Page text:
Cauliflower can be roasted, boiled, fried, steamed or eaten raw. When cooking, the outer leaves and thick stalks are removed, leaving only the florets. The leaves are also edible, but are most often discarded.
The florets should be broken into similar-sized pieces so they are cooked evenly. After eight minutes of steaming, or five minutes of boiling, the florets should be soft, but not soft (depending on size).
The head of the cauliflower is surrounded by crisp, bluish-green leaves. The head should be firm, compact and creamy white with florets pressed tightly together. There should be no bruises or spots on the head.
The cauliflower originally came from Cyprus. It is thought to have been used since the 6th century B.C. and grown in Turkey and Egypt since 400 B.C.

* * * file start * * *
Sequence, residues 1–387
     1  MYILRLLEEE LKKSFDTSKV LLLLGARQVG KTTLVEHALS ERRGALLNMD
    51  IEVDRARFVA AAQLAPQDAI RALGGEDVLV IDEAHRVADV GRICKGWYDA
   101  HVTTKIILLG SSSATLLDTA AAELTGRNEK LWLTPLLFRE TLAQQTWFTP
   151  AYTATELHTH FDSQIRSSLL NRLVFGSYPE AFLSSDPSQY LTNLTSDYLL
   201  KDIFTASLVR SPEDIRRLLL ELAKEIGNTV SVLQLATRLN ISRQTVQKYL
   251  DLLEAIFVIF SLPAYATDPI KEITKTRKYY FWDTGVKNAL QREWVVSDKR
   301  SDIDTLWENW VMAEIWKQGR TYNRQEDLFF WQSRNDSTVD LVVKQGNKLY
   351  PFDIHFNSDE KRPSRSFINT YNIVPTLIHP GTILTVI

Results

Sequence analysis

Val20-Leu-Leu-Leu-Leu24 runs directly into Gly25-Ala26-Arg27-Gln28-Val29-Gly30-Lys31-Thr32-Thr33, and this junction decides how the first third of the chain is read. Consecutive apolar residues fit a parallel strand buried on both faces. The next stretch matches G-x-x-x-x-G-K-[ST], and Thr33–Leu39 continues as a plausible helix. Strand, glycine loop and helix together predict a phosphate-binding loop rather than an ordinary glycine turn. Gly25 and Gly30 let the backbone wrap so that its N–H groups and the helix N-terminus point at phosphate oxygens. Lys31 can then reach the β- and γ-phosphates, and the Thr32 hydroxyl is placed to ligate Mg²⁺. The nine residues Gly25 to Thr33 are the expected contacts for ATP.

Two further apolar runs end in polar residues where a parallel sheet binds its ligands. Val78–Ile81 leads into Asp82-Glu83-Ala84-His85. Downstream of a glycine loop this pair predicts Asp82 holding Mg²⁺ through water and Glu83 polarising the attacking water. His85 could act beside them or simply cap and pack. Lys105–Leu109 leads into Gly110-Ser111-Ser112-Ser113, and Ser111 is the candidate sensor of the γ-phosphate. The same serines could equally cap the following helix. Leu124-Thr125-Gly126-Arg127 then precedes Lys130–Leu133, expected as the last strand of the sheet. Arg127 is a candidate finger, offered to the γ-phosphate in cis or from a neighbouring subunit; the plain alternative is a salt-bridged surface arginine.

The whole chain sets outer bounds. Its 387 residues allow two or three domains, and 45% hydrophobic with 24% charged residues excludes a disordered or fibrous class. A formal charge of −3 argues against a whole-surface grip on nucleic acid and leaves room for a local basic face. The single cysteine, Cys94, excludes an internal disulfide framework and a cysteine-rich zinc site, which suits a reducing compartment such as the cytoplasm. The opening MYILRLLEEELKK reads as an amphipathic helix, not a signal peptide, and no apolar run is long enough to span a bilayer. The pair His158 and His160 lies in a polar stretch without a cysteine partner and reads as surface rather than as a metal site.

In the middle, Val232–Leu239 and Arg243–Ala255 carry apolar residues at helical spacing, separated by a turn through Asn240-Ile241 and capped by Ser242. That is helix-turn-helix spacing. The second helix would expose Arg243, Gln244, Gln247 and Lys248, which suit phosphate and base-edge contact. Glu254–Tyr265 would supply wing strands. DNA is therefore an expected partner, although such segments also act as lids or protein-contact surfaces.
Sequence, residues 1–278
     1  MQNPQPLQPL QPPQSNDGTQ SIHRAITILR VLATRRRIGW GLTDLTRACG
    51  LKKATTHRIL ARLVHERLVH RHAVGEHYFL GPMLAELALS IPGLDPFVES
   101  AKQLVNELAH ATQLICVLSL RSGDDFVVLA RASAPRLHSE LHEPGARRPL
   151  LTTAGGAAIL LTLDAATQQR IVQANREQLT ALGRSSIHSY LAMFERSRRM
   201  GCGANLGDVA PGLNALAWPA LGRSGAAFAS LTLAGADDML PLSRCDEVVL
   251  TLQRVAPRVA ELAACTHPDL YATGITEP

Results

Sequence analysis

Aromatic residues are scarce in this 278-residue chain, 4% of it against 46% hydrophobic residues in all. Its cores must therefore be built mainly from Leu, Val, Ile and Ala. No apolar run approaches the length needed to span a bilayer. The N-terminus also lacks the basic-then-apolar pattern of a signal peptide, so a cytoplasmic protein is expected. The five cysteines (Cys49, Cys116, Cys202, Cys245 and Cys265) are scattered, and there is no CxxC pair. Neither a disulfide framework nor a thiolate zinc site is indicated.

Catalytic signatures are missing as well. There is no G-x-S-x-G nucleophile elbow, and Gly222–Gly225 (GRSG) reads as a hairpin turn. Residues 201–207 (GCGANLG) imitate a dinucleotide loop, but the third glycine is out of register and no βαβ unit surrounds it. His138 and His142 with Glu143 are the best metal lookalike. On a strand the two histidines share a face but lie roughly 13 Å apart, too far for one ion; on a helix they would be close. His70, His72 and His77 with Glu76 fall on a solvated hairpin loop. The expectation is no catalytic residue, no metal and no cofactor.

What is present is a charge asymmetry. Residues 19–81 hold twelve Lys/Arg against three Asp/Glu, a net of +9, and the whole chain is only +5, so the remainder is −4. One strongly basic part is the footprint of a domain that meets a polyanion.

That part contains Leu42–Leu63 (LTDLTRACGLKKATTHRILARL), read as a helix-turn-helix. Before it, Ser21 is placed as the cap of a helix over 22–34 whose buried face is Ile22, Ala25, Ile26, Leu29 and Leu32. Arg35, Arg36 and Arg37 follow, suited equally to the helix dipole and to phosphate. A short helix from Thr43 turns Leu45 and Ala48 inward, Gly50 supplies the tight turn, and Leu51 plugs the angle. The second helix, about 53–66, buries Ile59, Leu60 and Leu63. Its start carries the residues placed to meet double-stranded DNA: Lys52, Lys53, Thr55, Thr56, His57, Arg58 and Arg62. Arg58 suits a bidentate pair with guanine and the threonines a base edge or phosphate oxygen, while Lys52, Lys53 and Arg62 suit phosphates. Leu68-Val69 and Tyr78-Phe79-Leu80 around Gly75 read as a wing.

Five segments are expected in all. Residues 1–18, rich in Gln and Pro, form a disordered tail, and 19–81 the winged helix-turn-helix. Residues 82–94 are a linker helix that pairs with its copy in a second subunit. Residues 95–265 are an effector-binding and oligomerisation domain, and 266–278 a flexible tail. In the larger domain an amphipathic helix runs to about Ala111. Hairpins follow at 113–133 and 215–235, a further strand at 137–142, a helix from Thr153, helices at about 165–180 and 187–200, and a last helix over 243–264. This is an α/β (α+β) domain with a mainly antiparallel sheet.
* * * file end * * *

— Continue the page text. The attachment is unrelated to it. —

From January To December
From May To September
PREPARATION TIPS AND USAGE
The cauliflower should be rinsed and the core cut out. The heads may be left whole or cut into florets. It may be eaten raw with salt, in a vegetable fondue, boiled, braised, sauteed or fried. Cauliflower should be blanched in boiling unsalted water. To absorb the odor while cooking cauliflower, add a stale piece of bread. The leaf ribs and core may be used to prepare soup.
The leaves of the cauliflower should be removed before it is stored in the a plastic bag in the refrigerator with the head down. The cauliflower should be used while the head is still white.